France back into a solid ally of the Untied States. It won't
worse, however, is the danger that we might well go along
pretending it has happened while Chirac continues to agitate
against us and obstruct our progress behind the scenes.
only thing we can do is what we are and have been doing:
work with Chirac when we can (which is almost never) and
work around him when we can't.
Bush administration has made recent overtures to Chirac,
but to no avail. It seems clear that the only thing that
will change Chirac's mind is a change in our position. In
the end, that is what John Kerry will have to do as President
if he wants to reconcile with France.
what we should do instead is send Dick Cheney to the next
meeting with Chirac and tell him what to do.
SKINNY ON REPLACING RYAN: Survey USA ran a couple
of polls on potential replacements for Jack Ryan. The results
They show former
Governor Jim Thompson leading a pack of four possible
choices, with dairy magnate Jim Oberweis in second place
(he also finished second in the GOP primary), state senator
Steve Rauschenberger in third and businessman Ron Gidwitz
bringing up the rear. Without Thompson in the mix, SUSA
shows the same order of finish, with Oberweis leading Rauschenberger
41 to 27.
the problems. Odds are that Thompson won't run. He just
turned 68 last month and while it's not quite Frank
Lautenberg territory, Thompson has already begged off
in the past and probably isn't going to be jumping at the
chance to get involved in a grueling four month campaign.
is interested, but he fell out of favor with many Republicans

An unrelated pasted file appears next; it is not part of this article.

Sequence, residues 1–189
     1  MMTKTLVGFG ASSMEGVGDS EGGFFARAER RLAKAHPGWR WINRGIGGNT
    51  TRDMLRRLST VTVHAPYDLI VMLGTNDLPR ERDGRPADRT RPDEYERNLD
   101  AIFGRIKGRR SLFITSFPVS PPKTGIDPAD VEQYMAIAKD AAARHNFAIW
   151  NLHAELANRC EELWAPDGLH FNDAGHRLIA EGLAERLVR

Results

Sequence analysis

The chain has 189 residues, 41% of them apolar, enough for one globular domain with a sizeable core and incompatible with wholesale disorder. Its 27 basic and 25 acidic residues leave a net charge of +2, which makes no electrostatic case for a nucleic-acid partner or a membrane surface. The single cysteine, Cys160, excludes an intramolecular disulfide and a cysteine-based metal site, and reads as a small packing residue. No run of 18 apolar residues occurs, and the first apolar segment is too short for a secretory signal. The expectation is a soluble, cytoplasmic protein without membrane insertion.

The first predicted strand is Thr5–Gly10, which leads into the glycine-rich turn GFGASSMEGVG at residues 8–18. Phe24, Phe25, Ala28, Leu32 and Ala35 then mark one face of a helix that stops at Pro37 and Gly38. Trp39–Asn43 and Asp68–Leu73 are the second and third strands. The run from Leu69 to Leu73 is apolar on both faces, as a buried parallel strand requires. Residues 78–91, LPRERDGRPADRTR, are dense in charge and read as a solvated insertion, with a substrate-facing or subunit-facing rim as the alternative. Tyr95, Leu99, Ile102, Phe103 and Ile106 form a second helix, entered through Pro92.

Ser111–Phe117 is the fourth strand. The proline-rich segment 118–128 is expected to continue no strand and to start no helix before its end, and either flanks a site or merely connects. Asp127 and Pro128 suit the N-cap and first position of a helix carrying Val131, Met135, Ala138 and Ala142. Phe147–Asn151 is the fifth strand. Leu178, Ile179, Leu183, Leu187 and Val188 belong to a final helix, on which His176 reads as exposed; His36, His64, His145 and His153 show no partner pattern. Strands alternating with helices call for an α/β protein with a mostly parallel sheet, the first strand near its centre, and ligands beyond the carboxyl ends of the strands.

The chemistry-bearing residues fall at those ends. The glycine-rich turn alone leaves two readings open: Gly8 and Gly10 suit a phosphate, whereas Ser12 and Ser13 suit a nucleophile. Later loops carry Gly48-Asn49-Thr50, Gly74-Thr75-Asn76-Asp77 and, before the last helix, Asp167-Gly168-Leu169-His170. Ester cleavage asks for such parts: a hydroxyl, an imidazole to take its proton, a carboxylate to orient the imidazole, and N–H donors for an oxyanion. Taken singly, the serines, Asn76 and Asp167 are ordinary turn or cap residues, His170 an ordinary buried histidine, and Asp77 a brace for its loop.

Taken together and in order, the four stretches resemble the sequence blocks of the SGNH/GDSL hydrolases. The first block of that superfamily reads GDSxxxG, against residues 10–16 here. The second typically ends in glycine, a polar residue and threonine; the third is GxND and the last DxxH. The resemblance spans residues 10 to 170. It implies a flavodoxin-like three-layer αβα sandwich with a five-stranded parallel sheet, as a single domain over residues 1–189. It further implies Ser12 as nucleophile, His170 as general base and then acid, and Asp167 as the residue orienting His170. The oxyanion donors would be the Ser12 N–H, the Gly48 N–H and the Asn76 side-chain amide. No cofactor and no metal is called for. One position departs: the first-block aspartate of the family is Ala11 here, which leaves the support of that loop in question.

including supporters of President Bush by running some despicable
anti-immigrant ads during the GOP primary.
finished a strong third in the GOP primary and is by all
accounts a nice guy and a very knowledgeable public servant.
His problems are name recognition and money. He doesn't
have enough of either to compete with Obama.
has the money to self fund and is a favorite of IL GOP Chair
Judy Baar Topinka. But he also has little experience and
may not end up being the strongest candidate.
names floating around are U.S.
Attorney Patrick Fitzgerald and businessman Andy
McKenna. McKenna finished well back in the primary,
but he does have the backing of some serious power players
in Illinois, as well as a clean record and a deep pocketbook.
I wouldn't be surprised at all if McKenna is the one tapped
to replace Ryan.
there's the rumor/hope that Senator Peter Fitzgerald might
stay on. I spoke with someone inside Fitzgerald's office
last week and was told that he is absolutely not interested.
Things may have changed since then, but all indications
are that Fitzgerald is sticking to his plan to retire.
NEW BAG: We knew running for President was a good
career move for Sharpton. Now he's
going to host a reality TV show. Maybe now he can actually
afford to stay at the Plaza, drink champagne and eat caviar
on his own dime. - T. Bevan 9:25 am Link
| Email |
to a Friend
June 29 2004
AT LEAST THEY'RE CONSISTENT: From
the new CBS News/NY Times poll:
speaking, do you usually consider yourself a Republican,
a Democrat, an Independent, or what?